The problem for the referees though, is that if they choose to ignore the very possibility of unconscious bias, they look like a pack of frustrated white men preferring to ignore what is standing right in front of them. In doing so, they risk the ire of a loyal fanbase that could have potentially harmful consequences.  

Most of us that enjoy the game are relatively stable and sane people, but sport has a way of firing up our tribalism. Jason Paris’ tweets are case in point. This is the CEO of one of New Zealand’s biggest companies and he lost his shit on Twitter at what he saw as on-field injustices against his tribe. 

That’s now been compounded by the referee’s association questioning his accusations and threatening legal action. It could have been done and dusted so easily. But instead of saying “Hey, thanks Jason. We’ll look into it”, they’ve totally rejected it and now risk putting their referees in harm’s way.

As the CEO of the Warriors leading sponsor, Jason’s words carry some weight. They will have galvanised the fanbase, even emboldened them. So, what happens when those referees turn up to Mt Smart stadium and make a few poor decisions through no fault of their own? You’ve seen how a reasonable man like Jason reacted over Twitter. What happens when someone less stable, who has tied their identity to the Warriors club, feels entitled or emboldened enough to walk out onto the field to rectify the injustice themselves? Now I hope that never happens, but if the fanbase feels ignored, you’d be foolish not to expect a reaction. 

My hope is that the reaction is in the good humour that Kiwis and ex-pats are known for. And I have little doubt they are going to see a reaction from them in the form of amusing banners around the stadium and chants of “bias” every time they get one blatantly wrong, especially if this issue continues to play out in the media. But the referee’s association haven’t done themselves any favours and have potentially opened up a hornet’s nest.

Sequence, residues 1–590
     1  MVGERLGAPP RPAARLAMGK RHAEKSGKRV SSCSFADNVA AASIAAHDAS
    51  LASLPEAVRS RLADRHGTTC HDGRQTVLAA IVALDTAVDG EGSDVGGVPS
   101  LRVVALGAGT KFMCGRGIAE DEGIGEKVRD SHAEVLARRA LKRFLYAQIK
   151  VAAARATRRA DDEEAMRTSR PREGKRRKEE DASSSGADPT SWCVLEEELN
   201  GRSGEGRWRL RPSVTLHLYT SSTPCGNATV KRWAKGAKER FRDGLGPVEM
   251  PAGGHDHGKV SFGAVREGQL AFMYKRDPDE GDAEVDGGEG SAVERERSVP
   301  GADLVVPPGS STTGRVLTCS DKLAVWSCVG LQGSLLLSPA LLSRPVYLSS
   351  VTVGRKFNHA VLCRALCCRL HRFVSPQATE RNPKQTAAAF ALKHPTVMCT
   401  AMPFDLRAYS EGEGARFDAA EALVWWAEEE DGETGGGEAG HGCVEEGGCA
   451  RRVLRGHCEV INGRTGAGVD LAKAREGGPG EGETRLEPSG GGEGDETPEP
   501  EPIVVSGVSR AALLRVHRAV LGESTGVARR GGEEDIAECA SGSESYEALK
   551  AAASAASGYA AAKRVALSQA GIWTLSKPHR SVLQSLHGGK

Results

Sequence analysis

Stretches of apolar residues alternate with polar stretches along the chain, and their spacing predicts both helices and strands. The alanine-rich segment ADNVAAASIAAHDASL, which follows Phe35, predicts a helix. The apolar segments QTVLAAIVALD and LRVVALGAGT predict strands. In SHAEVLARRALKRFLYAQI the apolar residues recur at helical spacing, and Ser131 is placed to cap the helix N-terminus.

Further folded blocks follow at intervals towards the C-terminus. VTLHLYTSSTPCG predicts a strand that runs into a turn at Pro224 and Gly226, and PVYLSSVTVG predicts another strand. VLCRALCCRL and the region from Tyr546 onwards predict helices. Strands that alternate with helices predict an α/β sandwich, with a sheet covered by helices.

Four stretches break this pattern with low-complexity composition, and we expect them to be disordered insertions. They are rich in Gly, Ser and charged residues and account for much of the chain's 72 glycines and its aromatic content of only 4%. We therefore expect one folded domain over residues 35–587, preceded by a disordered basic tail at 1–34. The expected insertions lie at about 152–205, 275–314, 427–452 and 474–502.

Plenty of supporters over the years that I’ve engaged with have stopped watching the Warriors because they get so frustrated with the poor officiating. I know older guys with heart problems that wouldn’t dare watch a game these days for the risk of putting themselves in the hospital. Many fans feel left with no other option but to walk away from the sport. 

How does the NRL expect to grow the game in NZ, if fans feel consistently so disempowered and slighted? It makes little to no sense commercially for the NRL to conspire against the Warriors. They are going to make more revenue from the Warriors making the Top 8 than from the Sharks or another Sydney side being there. Former Warriors and NRL CEO, Jim Doyle, has doused the flames recently by acknowledging this and we all know the NRL is about revenue. However, it appears Graham Annesley would rather take legal action against Paris than look into the issues he has raised.

If the NRL decide to indirectly punish Jason Paris by fining or disciplining the Warriors, what are the implications if One NZ pull their sponsorship? Could Paris pull the sponsorship deal (or sue the NRL) because they feel the negative impact from ongoing bias officiating is ultimately being associated with their brand?  

And as for the referee association’s pathetic threats of a defamation suit against Mr. Paris…? For the love of God, bring it. I’m no lawyer, but my understanding is they would have to prove he’s wrong.

Good luck with that.